Port of Long Beach, California-Water Gateway

Port of Long Beach, California-Water Gateway

The maritime Port of Long Beach was the nation's fourth busiest waterborne freight gateway for international merchandise trade by value of shipments in 2008. It ranked eighth by value among all land, water, and air gateways. In 2008, merchandise trade passing through the Port of Long Beach ($92 billion) accounted for 6 percent of the value of the total U.S. international waterborne trade. These freight shipments represented nearly 7 percent of the value of U.S. waterborne exports and 5 percent of imports. The port is a major gateway for imports, with inbound shipments accounting for 65 percent of the value of the freight it handled in 2008 (table 1).

By weight, the facility ranked ninth among all U.S. water gateways in 2008, handling 48 million tons of freight, or 3 percent of total U.S. international waterborne freight tonnage. Long Beach has long been a significant gateway for both imports and exports. Outbound freight shipments (26 million tons) accounted for 54 percent of the weight of the cargo it handled in 2008 (table 1). This export figure is a striking reversal from 2003, when inbound shipments accounted for 72 percent of the tonnage handled by the port.1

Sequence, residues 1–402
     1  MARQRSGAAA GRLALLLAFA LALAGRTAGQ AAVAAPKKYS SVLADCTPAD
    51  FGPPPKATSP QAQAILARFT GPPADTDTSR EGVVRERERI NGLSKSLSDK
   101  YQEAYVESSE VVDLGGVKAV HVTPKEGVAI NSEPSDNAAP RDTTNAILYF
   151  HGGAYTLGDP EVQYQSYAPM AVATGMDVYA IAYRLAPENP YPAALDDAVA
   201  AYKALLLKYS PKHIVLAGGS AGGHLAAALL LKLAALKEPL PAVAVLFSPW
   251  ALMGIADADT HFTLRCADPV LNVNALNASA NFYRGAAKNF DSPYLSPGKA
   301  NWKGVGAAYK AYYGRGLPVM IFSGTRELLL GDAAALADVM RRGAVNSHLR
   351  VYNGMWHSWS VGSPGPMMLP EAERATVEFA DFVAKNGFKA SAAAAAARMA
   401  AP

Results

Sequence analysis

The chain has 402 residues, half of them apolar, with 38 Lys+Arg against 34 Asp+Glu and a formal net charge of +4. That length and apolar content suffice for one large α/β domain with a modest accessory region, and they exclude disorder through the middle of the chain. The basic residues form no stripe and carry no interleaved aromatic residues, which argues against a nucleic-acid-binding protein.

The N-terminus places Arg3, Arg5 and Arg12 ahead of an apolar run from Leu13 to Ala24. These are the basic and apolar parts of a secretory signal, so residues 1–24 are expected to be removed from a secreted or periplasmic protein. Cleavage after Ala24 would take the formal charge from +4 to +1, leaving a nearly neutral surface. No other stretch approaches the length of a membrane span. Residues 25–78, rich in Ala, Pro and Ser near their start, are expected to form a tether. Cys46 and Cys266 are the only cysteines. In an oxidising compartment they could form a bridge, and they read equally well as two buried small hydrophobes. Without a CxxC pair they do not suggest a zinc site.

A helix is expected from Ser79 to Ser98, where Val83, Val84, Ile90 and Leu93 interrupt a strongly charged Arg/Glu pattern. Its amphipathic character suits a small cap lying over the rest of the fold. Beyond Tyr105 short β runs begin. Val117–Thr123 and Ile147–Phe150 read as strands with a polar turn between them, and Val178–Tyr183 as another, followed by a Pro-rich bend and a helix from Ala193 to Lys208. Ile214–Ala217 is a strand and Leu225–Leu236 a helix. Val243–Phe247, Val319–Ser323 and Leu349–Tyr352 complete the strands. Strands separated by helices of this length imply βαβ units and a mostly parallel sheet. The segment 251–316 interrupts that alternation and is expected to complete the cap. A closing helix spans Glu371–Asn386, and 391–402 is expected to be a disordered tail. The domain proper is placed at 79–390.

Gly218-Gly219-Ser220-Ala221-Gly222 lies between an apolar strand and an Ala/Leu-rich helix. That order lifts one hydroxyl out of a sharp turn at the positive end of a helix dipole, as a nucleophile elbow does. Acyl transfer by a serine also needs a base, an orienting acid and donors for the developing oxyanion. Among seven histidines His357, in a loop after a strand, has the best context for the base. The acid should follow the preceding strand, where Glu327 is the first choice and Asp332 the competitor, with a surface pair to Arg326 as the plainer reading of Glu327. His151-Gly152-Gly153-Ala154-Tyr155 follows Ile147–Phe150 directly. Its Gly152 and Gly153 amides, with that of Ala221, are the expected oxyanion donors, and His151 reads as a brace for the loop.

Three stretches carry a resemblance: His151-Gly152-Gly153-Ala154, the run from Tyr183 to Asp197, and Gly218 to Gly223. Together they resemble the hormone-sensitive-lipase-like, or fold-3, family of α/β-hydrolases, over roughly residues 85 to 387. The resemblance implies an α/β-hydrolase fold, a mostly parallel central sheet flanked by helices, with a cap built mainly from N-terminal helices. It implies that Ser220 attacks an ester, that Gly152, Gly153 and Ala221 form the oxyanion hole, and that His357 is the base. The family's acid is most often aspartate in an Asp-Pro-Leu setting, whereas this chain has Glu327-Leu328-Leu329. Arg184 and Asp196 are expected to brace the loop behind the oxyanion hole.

Although Long Beach handles noncontainerized bulk cargo, it is primarily a container port. In 2008, the port handled about 4.6 million TEUs (20-foot equivalent units) carrying international imports and exports (table 1). This cargo accounted for 16 percent of the containerized TEUs handled at the nation's seaports. About 68 percent of the port's containerized cargo was inbound.

In 2007, China was the port's leading origin country for imports by weight of shipments, followed by Iraq and Ecuador (table 2).2 China was the leading destination for exports from Long Beach, followed by Japan and South Korea. The leading seaports for cargo arriving at and leaving Long Beach were Yantian, China, and Kao Hsiung, Taiwan, respectively (table 3).

More than 3,300 vessels called at the Port of Long Beach in 2007. Container vessels made the most calls at the port, accounting for 45 percent of the vessel calls. About 31 percent of the calls were by tankers.

In 2007, the top imports were petroleum, electronics, plastics, furniture, and clothing. The top exports were petroleum and petroleum coke, waste paper, chemicals, scrap metal, and plastics.3

1 U.S. Department of Transportation, Bureau of Transportation Statistics, America's Freight Transportation Gateways: Connecting Our Nation to Places and Markets Abroad (Washington, D.C.: U.S. Department of Transportation, Bureau of Transportation Statistics, 2004).

2 Data for 2008 are not available for weight and vessels calls. Data in tables 2, 3, and 4 are from 2007.

3 Port of Long Beach website, www.polb.com/about/facts.asp as of Aug. 10, 2009.